As you will know very well if you are an American, religion in England was determined by the reigning monarch. Whatever the King believed, the people were required to believe, worship,and practice as well, often on pain of fines, imprisonment, or even death.
The country went back and forth between catholicism and protestantism for many years until with the rise of Elizabeth I to the throne of England in 1558, the country became firmly Protestant.
Which meant that by the time William Shakespeare was born just a few years later, in 1564, the Shakespeare family, too, were Protestant. Which leads us to this week’s question:
DId Shakespeare go to church?
William Shakespeare was born, grew up in,and returned after his career in London to Stratford Upon Avon England.
His parents when he was a child,and himself along with his wife and children attended, worshipped, were baptized, and buried at a small church there called Holy Trinity Church.
As Shakespeare was growing up there, and as it continues today, Holy Trinity Church is a Protestant Church but it was not always. In the 12th century when it was built, Holy Trinity was originally a Saxon monastery. Over the years, the building adapted to the changing religions to which it played home, and inside the building you can see a variety of religious, secular, and even mythical artwork depicted within its walls.
The stained glass window that was a gift to “Shakespeare’s Church” from America, installed in 1896. Photograph by Cassidy Cash, September 2018. All Rights Reserved.
I was there, in Stratford Upon Avon, for my very first visit to Holy Trinity Church in 2018, It was a Sunday and church services were going on,while a steady stream of tourists came through as well. So when you see this clip, I am speaking low on purpose as I was wanting to share the grounds with you but not be too disruptive to the surroundings.
Since then I was able to discover that both Judith and Hamnet are buried within the grounds of Holy Trinity Church but the precise records of where they are has been lost. It is still surprising to me that they are only “somewhere in the grounds” instead of upfront with their parents and Susannah Shakespeare, which are all three buried right up front inside the church in a conspicuous place of prominence, making the absence of Judith and Hamnet quite striking. There’s a story to be told there, but that will have to be for another episode.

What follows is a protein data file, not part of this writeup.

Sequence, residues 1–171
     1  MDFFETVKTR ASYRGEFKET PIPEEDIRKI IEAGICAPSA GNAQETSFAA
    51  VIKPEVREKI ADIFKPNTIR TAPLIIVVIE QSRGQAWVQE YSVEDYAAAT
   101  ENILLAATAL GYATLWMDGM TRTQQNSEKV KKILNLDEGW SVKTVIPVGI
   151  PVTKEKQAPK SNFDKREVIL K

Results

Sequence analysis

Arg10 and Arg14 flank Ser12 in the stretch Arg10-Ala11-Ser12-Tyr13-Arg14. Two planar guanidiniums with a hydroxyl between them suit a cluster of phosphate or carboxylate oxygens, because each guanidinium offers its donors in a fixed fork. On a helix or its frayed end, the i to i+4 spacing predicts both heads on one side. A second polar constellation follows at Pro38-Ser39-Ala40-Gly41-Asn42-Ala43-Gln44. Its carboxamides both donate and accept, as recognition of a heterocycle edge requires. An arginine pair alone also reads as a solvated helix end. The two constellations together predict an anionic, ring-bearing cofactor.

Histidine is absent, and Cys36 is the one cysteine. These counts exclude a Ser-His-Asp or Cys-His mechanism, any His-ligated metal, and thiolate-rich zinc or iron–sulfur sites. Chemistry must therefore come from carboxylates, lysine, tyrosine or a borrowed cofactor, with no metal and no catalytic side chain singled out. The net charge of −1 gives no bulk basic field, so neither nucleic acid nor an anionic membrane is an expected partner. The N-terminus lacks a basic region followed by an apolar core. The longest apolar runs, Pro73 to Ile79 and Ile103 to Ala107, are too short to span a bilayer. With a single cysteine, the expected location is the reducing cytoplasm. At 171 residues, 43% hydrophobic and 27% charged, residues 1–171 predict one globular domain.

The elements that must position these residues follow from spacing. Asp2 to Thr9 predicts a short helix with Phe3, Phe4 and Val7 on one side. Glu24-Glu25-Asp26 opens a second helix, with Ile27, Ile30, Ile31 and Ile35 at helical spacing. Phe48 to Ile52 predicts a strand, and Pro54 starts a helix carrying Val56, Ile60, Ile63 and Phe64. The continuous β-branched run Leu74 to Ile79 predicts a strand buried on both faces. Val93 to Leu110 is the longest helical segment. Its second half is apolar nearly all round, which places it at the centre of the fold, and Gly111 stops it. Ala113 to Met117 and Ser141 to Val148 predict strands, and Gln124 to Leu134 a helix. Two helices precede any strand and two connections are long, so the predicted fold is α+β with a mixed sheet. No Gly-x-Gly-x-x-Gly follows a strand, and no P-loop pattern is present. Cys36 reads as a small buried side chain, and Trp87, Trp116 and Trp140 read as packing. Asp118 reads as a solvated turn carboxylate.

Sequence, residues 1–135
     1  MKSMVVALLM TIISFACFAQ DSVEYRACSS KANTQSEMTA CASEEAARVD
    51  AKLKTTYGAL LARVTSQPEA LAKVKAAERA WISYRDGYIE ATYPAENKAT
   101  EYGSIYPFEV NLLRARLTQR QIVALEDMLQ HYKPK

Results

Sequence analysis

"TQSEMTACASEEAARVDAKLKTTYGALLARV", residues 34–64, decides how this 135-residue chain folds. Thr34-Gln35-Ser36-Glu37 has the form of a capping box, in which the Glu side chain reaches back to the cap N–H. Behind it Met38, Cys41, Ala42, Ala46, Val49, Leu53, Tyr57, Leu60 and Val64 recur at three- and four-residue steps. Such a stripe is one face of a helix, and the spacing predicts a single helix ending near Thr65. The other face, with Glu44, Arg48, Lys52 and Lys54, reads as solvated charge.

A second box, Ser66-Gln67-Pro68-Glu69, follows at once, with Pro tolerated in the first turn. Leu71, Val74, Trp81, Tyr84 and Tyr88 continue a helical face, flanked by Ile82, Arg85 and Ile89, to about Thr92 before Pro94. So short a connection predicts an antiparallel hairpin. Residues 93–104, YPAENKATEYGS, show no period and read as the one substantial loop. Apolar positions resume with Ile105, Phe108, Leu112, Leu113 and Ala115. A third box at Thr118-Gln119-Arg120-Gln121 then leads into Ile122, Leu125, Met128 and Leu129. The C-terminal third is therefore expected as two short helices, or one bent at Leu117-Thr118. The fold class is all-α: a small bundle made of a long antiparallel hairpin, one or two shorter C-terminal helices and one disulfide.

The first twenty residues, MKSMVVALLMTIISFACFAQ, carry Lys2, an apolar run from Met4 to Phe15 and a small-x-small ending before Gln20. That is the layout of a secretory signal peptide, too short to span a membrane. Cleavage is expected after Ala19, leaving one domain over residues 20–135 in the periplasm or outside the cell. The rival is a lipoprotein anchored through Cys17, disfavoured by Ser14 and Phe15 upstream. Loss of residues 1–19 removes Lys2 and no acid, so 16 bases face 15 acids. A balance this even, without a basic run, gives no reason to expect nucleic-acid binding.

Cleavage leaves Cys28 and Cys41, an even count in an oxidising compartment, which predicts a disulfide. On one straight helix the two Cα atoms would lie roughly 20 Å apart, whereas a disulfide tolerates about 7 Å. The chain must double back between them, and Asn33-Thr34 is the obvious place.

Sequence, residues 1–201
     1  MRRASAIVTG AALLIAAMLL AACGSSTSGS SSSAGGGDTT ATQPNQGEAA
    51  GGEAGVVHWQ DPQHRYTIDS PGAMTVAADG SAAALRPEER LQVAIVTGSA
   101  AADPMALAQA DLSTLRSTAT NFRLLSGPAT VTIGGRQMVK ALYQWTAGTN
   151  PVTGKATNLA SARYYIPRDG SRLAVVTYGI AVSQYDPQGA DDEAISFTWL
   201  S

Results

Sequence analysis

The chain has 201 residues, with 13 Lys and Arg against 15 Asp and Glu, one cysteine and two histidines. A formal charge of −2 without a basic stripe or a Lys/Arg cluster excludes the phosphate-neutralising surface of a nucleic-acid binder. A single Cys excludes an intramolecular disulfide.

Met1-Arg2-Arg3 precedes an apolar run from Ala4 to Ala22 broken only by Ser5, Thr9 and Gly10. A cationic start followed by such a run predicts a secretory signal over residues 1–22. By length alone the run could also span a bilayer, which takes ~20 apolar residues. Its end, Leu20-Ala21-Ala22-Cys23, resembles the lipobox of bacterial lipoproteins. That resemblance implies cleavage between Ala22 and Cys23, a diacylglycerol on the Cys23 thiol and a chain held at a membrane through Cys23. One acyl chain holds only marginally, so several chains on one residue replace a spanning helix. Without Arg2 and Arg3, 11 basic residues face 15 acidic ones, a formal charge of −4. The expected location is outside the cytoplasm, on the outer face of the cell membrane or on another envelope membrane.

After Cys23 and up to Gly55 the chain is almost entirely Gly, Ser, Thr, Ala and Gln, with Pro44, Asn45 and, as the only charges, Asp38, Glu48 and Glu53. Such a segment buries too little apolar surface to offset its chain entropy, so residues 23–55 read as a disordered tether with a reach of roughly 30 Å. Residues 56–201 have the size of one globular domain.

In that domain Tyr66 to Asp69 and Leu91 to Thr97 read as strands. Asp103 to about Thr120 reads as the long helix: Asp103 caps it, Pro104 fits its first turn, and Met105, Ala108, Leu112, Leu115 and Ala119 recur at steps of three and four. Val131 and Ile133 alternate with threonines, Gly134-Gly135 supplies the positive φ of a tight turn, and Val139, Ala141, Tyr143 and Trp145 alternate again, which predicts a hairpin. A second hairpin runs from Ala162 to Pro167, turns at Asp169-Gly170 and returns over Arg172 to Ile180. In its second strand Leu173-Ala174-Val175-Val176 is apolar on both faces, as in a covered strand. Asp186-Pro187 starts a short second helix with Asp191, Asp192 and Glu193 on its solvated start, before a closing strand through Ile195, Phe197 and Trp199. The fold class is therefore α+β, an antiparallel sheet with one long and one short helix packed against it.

Inside the church is quite beautiful.
The interior of Holy Trinity Church, after you turn left passed the entrace, this is the aisle/hallway thatleads to where Shakespeare is buried. Photograph taken by Cassidy Cash, September 2018. All rights reserved.
They do have a long aisle, but it does not lead to the pulpit.Instead, the aisle leads back into gated hallway,off which there are two rooms, one where Shakespeare’s grave is buried,and another where there is a large stained glass window given to the church by the United States of America in 1896.
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Just at this moment I am having trouble remembering if there was a third room or not, btu I do remember getting lost back there and being unsure how to get back out.I’m sure I looked every bit the tourist.
Nevertheless, once you do get back to the place where Shakespeare is buried, there’s no fanfare or anything you just walk right up and there he is. The grave looks exactly as you have seen in pictures,and along side of him are the graves of his family.Hiswife, Anne Shakespeare, their daughter Susannah, and her husband, John Hall.
Shakespeare’s grave inside Holy Trinity Church. Photography by Cassidy Cash, September 2018. All Rights Reserved.
The church is also home to the baptismal records for WIlliam shakespeare nad his children, though today I believe the originals are in a museum whilst the church keeps copies.